We've Found the Ocean once more!
Trip Start Jan 23, 2010
27Trip End Jan 29, 2012
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We were on our way to Ayres Rock/Uluru, hoping that this Australian icon would re spark our sightseeing, as we really couldn't look at another gorge. OH my goodness. Did it EVER!! (Now for all of you that are scornfully wondering why I am not using only the aboriginal name here, you need to read on further down - not very politically correct, so prepare yourself!)
We headed along Lassiter Highway towards Uluru and then saw Mount Conner
Another hour and then we saw IT and this time there was no mistaking. For all of you that have made this trek, WHY can you not stop looking and marveling at this amazing almost spiritual rock! I took 126 photos!!! REALLY??? How many do you need, but you seem to get under this spell and need to capture it in every possible light, and at every possible angle. Tell me you didn't!!? And if you haven't been here yet, put it on your bucket list!
Then after the initial wonder, we were faced with the 'to climb or not to climb?' I did not know before I got here that the Pitjantjatjara Aboriginal people prefer you not to climb it and in order to respect their culture, request that you don't. Well try explaining that to my children, who have just spent the last 2 months seeing Aboriginal people who certainly didn't appear to be respecting our culture OR theirs come to think of it! (Not allowed to say that?? - okay, they 'allegedly' didn't appear to
HOWEVER after a trip to the magnificent cultural centre at Uluru, you certainly got a feel for the magic and whilst there was not an Aboriginal in sight, I for one was totally absorbed by their amazing culture and traditions. If only we could get more of them to be the same. Their rules, their mens business and of course their woman's business, all intrigued me and made an awful lot of sense. My only criticism would be the lack of geological explanations, as to how this one rock is here in such a huge expanse! Only one page in the brochure was dedicated to this and it was very much; 'We think this' and 'Maybe that' which I have to say only added to the intrigue!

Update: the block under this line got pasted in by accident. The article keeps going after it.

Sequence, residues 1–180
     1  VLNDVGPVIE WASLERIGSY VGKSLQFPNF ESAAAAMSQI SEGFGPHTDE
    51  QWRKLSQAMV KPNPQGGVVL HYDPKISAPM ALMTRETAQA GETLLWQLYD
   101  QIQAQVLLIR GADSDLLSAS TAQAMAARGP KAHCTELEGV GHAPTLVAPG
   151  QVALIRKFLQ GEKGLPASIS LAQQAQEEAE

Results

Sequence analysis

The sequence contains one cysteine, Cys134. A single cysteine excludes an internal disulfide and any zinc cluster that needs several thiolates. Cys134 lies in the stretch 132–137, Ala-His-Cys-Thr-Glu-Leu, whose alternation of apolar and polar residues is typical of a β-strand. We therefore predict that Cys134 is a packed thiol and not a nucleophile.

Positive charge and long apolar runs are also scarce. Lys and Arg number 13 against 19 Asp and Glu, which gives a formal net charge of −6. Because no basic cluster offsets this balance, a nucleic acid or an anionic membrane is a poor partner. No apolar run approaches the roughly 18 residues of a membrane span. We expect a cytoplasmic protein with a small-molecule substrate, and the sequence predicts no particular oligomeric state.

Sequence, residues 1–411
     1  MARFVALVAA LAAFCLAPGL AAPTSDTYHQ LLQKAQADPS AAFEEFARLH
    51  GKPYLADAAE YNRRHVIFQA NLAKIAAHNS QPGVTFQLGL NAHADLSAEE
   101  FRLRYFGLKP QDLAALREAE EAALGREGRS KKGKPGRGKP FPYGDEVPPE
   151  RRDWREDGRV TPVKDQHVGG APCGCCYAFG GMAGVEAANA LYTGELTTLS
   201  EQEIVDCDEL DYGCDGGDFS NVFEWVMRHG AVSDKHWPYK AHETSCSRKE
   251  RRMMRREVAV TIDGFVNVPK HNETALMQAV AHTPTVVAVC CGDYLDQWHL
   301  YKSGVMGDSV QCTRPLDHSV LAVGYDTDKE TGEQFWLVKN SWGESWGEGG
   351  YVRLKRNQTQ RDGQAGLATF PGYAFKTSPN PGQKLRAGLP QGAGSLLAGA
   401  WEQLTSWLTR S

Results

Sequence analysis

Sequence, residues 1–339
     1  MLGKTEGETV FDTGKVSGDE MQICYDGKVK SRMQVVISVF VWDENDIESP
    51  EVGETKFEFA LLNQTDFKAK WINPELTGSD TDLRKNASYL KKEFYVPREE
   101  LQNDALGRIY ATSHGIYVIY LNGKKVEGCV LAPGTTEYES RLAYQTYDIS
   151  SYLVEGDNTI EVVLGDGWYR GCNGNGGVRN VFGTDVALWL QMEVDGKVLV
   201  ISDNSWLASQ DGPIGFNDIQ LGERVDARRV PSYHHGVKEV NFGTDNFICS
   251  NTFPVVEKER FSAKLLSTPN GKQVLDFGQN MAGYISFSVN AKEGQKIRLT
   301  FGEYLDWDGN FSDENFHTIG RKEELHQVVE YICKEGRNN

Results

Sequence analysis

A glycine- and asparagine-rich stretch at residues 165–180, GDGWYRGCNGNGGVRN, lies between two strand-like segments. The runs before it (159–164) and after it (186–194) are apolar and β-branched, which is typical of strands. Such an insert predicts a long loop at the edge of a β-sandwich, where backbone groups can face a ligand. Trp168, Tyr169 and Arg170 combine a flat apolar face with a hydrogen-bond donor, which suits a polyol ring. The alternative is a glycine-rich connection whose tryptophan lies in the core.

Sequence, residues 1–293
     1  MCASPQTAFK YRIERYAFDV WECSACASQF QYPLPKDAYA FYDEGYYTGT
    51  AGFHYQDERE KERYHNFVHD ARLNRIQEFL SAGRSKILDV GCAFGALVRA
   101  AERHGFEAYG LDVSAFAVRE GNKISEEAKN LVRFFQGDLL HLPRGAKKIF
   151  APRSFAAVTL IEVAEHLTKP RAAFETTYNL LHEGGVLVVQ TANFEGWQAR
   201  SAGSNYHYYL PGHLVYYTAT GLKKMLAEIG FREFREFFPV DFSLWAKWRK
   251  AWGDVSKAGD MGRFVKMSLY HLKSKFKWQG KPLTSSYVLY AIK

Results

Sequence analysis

We walked round the rock, marveled at it, stared at it, but we didn't climb it. Respect at the end of the day, starts at home.
We stayed a few days longer than anticipated as we felt strangely uplifted by the whole experience. A trip to the Olgas/Kata Tjuta, whilst is fabulous, you cannot help but compare it to Uluru and it just didn't hold the same magic to us. The weather was strangely cool in the middle of this apparent dessert. It rained three out of our four days her and talk about green, we found ourselves here at the greenest it has been in over 60 years
So we headed to Coober Pedy - This is the name that I would have called my business if I had remained single and started up my own podiatry business! ...... Need an explanation? My maiden name was Coomber - so similar to Coober and Pedy similar to pedicure/podiatry! ?? Okay, I have way to much time on my hands!!